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Editorial: Farmington celebrates Halloween while doing good deeds

We always figured Farmington's choice of orange and black as its official colors had something to do with the high school's tiger mascot. Now, though, we're not so sure. It's starting to seem like the color scheme might have as much to do with pumpkins and witches as a big cat's stripes.

Farmington is quickly turning into Halloween central, and it's fun to watch.

Last year around this time we did a story about a Farmington resident who transforms his yard into a haunted maze every Halloween. He invites the public in and asks visitors to bring a donation for the food shelf. We thought it was a unique story about someone turning their passion for a holiday into a chance to do good.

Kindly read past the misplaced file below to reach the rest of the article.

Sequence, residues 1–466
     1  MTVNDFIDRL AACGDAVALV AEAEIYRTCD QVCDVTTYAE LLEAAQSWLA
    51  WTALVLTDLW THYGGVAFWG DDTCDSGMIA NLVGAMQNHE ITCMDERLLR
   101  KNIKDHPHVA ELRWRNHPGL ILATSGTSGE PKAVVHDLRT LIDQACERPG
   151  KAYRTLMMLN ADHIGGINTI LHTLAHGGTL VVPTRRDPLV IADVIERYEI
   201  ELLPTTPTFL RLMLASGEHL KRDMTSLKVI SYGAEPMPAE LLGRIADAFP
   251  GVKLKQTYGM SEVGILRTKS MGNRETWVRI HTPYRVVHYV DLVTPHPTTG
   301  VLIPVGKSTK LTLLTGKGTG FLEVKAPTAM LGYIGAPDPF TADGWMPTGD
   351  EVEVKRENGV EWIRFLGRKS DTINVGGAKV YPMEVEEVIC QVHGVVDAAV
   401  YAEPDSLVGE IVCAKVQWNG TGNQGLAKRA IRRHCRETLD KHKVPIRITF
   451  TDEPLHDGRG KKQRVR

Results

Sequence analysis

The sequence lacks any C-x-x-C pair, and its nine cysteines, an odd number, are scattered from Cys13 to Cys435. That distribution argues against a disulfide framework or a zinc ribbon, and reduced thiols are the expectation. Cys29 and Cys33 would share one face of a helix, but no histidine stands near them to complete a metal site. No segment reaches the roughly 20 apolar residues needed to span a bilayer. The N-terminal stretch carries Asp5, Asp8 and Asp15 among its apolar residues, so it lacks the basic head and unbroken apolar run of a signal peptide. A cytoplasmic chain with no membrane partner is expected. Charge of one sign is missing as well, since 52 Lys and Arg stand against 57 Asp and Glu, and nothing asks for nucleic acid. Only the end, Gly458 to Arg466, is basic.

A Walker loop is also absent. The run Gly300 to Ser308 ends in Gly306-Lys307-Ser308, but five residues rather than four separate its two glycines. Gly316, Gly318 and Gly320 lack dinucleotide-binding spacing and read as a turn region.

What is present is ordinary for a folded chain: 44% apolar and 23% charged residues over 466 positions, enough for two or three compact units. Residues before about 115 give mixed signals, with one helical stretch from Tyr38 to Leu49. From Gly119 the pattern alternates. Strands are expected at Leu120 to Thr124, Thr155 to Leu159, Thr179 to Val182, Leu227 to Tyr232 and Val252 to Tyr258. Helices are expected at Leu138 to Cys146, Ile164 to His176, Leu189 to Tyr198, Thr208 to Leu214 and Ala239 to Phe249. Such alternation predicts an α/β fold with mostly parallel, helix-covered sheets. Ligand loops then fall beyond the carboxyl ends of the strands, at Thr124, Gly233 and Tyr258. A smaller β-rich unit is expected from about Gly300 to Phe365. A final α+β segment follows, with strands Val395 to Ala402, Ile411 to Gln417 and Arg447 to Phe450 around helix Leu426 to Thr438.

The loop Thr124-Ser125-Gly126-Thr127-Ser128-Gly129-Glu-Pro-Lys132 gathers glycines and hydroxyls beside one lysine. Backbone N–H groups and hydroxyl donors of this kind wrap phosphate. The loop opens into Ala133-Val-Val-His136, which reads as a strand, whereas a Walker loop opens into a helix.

We still like the story, but apparently it's less unique than we thought. This year we've learned about three other grass-roots groups putting together haunted houses and using them to draw donations. One, a group of Farmington Fire Explorers, is in its first year. But the others have been around for a while.

We know at least three of the groups will have their haunted houses up and running Halloween weekend. You can find more details in our events calendar, or in the stories on page 7A of this edition of the Independent.

Add in the Support Our Troops Haunted House that set up shop at the Dakota County Fairgrounds earlier this month and you can hardly turn around without bumping into some kind of small-scale scare factory.

We think they're all great. We enjoy seeing Farmington residents find a way to indulge their passion while doing good for others. Maybe there are more of you out there. Maybe in Farmington it's more unusual if you don't invite the neighbors in and try to scare them senseless.

Why not? The more the scarier.